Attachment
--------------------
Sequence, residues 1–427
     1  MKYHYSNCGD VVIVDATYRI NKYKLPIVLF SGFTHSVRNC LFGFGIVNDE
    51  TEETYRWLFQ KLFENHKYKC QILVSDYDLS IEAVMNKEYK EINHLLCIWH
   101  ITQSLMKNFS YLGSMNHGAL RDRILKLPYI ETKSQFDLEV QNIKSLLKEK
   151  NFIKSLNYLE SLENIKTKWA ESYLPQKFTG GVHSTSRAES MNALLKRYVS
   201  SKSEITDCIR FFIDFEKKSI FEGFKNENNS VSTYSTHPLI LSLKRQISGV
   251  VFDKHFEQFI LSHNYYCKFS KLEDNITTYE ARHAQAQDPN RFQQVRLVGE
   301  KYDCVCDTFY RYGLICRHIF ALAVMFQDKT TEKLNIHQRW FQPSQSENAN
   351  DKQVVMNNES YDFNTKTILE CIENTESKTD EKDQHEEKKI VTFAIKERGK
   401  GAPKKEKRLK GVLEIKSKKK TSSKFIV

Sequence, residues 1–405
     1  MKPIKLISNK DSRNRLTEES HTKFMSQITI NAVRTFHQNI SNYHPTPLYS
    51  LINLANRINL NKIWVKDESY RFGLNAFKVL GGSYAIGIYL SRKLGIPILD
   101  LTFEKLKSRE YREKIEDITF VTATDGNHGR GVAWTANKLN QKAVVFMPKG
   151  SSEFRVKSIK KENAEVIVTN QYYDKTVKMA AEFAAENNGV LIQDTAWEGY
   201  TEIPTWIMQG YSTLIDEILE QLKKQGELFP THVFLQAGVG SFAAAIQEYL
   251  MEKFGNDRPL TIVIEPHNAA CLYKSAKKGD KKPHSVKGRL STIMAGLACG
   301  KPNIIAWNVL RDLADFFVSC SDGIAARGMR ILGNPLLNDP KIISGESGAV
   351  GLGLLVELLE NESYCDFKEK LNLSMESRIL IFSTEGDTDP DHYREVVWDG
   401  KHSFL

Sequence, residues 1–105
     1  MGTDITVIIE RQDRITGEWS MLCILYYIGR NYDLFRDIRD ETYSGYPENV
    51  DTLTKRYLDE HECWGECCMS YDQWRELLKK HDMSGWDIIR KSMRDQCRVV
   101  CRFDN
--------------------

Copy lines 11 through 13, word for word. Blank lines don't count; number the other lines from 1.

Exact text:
Sequence, residues 1–405
     1  MKPIKLISNK DSRNRLTEES HTKFMSQITI NAVRTFHQNI SNYHPTPLYS
    51  LINLANRINL NKIWVKDESY RFGLNAFKVL GGSYAIGIYL SRKLGIPILD